Ottawa’s City Council recently approved a Climate Change Master Plan that describes how it will pursue its goal of eliminating the use of oil and natural gas, and the energy services provided by them, by 2050. This note will provide an overview of its major measures and their potential consequences and discuss the financial implications for residents and taxpayers.

Ottawa, Ontario, Canada – Image licensed from Shutterstock.

READ THE REPORT: Ottawa’s Climate Policy Vision: A Plan to Give The People What They Don’t Want

The Measures

Through its use of zoning and the issuance of building permits, the city plans to prescribe the mix of new residential buildings in Ottawa. By 2046, it would be: singles (31%); doubles (4%); row houses (37%); and apartments (28%). The mix of residences that home buyers would prefer apparently does not enter into the City’s considerations.

As part of the other building-related measures, the City will also “scale up” the rate of retrofits to 98% of all buildings by 2040. By 2050 it will have 415,000 heat pumps installed in low-rise residential buildings by 2050 and 146,000 heat pumps installed in apartment buildings, and have 73% of the heat load of commercial buildings served by heat pumps. These changes would come at significant cost, and so far it is not clear who would bear it – the private owners or the taxpayer.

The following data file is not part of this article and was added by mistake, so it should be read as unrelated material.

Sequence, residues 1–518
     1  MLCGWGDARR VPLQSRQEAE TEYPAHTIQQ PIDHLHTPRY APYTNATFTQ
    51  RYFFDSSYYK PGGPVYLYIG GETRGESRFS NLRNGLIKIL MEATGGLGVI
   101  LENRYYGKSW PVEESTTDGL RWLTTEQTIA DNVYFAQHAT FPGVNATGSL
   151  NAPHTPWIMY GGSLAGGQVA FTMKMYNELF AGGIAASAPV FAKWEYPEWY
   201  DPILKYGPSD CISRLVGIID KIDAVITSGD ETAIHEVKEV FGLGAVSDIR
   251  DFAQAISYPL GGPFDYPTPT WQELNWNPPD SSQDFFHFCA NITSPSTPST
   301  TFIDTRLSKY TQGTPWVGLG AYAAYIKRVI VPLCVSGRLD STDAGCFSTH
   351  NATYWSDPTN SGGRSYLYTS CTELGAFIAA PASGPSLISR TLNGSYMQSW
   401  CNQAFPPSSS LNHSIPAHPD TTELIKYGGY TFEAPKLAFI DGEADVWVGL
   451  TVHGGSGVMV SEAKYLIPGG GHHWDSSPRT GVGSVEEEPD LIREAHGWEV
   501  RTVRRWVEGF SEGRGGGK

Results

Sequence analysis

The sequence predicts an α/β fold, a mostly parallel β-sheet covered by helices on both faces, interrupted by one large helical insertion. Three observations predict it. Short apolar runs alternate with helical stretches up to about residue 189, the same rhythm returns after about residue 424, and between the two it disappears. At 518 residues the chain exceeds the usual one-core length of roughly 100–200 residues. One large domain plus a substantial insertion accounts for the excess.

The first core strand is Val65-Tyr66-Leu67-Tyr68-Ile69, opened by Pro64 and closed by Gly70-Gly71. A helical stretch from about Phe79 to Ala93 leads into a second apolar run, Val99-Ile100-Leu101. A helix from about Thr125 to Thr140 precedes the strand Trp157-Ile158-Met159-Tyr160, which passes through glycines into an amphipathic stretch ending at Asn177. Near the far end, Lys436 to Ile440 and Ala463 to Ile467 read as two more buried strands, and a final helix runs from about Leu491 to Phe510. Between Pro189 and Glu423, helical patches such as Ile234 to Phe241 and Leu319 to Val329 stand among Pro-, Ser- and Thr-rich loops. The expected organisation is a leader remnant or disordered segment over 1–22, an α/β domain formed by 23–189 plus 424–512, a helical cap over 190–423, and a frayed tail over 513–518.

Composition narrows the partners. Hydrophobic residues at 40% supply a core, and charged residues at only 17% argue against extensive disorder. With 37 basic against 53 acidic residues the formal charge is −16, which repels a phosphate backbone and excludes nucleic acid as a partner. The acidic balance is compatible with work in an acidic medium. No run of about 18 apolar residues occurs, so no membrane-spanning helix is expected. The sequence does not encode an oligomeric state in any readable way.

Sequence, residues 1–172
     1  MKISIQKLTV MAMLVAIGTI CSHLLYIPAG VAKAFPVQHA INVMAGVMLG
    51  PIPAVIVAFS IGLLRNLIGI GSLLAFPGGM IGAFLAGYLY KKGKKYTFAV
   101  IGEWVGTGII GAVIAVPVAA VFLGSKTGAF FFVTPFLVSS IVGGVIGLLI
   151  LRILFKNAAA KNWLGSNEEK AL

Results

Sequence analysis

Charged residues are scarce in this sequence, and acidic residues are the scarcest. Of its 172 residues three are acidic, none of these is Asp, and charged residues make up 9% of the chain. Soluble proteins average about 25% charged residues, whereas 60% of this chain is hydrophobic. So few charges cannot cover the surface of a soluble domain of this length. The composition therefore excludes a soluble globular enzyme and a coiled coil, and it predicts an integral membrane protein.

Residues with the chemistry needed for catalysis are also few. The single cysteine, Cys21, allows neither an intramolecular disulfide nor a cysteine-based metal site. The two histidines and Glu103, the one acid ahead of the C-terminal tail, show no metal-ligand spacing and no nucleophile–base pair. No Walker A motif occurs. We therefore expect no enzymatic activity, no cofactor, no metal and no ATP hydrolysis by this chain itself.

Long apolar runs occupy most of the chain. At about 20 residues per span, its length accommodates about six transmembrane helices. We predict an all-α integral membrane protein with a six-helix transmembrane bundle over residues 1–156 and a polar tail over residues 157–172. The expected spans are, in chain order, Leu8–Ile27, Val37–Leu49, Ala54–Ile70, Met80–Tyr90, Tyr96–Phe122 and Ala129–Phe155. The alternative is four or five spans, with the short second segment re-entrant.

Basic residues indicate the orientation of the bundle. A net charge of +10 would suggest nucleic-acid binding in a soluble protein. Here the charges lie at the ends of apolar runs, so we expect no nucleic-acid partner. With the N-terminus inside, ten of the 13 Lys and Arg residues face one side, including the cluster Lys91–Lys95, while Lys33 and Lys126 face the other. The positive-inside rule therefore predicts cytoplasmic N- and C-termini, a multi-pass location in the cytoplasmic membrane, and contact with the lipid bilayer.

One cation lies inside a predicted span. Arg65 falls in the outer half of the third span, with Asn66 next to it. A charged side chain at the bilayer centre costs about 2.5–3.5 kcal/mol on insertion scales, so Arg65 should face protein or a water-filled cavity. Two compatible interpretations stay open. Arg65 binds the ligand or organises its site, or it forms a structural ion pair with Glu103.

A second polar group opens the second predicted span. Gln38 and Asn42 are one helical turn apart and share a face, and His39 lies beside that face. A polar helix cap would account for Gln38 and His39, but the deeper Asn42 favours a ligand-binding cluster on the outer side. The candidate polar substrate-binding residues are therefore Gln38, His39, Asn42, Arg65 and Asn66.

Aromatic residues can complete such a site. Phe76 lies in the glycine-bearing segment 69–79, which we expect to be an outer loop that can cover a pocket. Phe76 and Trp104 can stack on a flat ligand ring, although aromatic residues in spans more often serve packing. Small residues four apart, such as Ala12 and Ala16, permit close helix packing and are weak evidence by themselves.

The City proposes to change the way electricity is generated in Ottawa. It also plans greatly to expand the role, responsibility and budget of Ottawa Hydro, the local electricity distribution utility, essentially taking over many functions now performed by the provincial electrical utilities. For example, it will increase Ottawa’s production of residential solar PV equipment to almost five times today’s level by 2050. It will also convert 80% of existing commercial buildings to be heated and cooled by district energy, 80% of apartments to be heated and cooled by district energy, and 15% of residential buildings to be heated and cooled by district energy by 2050, with 100% of the heating provided by geothermal energy. Finally, the city will increase Ottawa’s wind-generated electricity production capacity to 1609 MW by 2030 and 3218 MW by 2050. The current cost of installing a wind turbine is conservatively estimated to be about $2,500 per kW. So, the capital cost of 1609 MW would be over $4 billion and the cost of adding 3218 MW would be over $8 billion.

The city plans to completely electrify the personal and commercial vehicle fleet, the municipal vehicle fleet and the rapid transit system by 2050. As part of this effort, it will ensure that electric vehicles replace 90% of internal combustion engine (ICE) vehicles by 2030 and 100% by 2040. It will also ensure that 40% of heavy duty trucks owned and operated in Ottawa are “zero emission” by 2030 and 100% are by 2050. Further, it will ensure that 100% of the transit fleet is zero emission by 2030. All-electric buses have much-reduced performance and reliability in cold-weather conditions.